Irregularities in red cell distribution width and lymphocyte concentration in individuals with Chronic Fatigue Syndrome
Broadbent, S & Coutts, R 2015, 'Irregularities in red cell distribution width and lymphocyte concentration in individuals with Chronic Fatigue Syndrome', International Journal of Health Sciences, vol. 3, no. 4, pp. 71-78.
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Background: Chronic Fatigue Syndrome is a complex condition with no clear aetiology. There are inconsistent reports of abnormal red cell indices and variations in some immune cell subsets in CFS patients.
Aim: Toexaminehaemato logical and immunological indices and the frequency of irregularities.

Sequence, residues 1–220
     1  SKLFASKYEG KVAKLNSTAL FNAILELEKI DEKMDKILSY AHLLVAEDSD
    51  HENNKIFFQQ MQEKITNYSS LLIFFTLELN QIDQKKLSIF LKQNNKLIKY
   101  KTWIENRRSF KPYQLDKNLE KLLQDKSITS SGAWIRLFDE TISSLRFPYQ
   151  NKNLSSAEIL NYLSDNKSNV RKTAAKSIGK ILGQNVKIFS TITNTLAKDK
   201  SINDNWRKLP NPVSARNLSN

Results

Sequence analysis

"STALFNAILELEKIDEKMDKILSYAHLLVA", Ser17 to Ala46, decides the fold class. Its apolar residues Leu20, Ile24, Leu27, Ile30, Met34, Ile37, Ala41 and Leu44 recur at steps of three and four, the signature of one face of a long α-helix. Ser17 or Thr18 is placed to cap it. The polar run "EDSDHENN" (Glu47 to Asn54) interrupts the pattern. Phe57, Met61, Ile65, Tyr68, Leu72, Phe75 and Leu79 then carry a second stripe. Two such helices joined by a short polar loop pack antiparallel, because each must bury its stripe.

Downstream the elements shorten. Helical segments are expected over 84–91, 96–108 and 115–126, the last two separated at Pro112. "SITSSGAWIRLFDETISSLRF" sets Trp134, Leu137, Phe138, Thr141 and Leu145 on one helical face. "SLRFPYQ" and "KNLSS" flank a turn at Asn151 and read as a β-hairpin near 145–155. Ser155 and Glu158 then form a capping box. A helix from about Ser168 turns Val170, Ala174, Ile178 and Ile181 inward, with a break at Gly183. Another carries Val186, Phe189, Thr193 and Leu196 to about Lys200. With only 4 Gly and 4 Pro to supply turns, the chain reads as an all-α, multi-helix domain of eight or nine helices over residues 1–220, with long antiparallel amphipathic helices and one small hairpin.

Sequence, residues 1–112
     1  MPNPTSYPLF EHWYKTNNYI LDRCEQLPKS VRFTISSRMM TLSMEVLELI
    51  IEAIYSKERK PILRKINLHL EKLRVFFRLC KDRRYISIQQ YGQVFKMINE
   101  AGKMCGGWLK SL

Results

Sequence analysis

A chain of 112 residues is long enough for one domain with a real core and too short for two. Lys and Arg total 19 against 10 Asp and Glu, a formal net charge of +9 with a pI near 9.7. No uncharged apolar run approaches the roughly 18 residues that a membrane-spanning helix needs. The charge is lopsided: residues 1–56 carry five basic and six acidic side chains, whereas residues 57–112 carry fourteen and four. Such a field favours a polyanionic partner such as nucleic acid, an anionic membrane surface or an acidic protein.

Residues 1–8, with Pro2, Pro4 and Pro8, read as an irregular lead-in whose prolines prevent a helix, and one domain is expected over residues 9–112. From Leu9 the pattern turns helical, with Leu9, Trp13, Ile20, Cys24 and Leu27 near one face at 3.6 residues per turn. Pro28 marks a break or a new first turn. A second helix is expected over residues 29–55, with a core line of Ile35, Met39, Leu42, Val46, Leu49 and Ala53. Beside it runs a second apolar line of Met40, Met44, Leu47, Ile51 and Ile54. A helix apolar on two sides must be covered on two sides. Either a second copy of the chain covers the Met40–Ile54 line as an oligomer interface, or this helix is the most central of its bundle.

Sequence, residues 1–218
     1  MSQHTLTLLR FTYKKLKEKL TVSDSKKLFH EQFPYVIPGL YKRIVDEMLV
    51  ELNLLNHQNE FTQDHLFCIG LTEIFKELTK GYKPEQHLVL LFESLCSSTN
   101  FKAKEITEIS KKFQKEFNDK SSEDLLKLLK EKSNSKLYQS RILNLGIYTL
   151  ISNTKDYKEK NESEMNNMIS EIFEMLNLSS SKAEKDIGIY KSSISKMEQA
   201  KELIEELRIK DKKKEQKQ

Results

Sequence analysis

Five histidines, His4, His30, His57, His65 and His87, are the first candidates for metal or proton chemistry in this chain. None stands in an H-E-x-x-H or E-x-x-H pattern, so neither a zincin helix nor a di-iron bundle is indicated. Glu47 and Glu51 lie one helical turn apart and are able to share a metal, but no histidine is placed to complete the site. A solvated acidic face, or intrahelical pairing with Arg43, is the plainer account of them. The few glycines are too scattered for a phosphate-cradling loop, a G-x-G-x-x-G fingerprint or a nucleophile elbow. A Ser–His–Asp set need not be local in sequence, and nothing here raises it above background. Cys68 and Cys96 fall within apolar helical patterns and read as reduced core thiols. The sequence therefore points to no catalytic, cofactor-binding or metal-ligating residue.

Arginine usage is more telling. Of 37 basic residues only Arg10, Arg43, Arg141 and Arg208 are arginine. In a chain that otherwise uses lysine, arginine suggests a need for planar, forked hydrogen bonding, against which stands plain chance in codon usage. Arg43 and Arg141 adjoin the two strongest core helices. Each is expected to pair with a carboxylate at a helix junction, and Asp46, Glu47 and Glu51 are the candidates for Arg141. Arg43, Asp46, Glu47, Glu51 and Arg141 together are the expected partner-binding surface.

Methods: Full blood counts and immune cell subsets of 24 Chronic Fatigue Syndrome individuals and 18 healthy, sedentary controls were analysed by cell sorter and flow cytometer. The frequencies of abnormal blood count and immunological indices, and health conditions in both groups were also recorded.
Results: Total lymphocyte concentration was below-normal in 33.3% of CFS participants, with mean values significantly lower than the non-CFS group. CFS participants also had a lower CD3+CD4+ lymphocyte count (p < 0.05). Compared to non-CFS, the CFS group had significantly higher frequencies of above-normal red cell distribution width (RDW), above-normal erythrocyte mean cell volume (MCV), previous/current iron deficiency, cardiac symptoms, recurring sore throats and headaches, poor sleep, joint and back pain.
Conclusion: Significantly higher frequencies of abnormal RDW, MCV and lymphocyte concentrations in CFS participants may be associated with iron deficiency and immune cell dysfunction.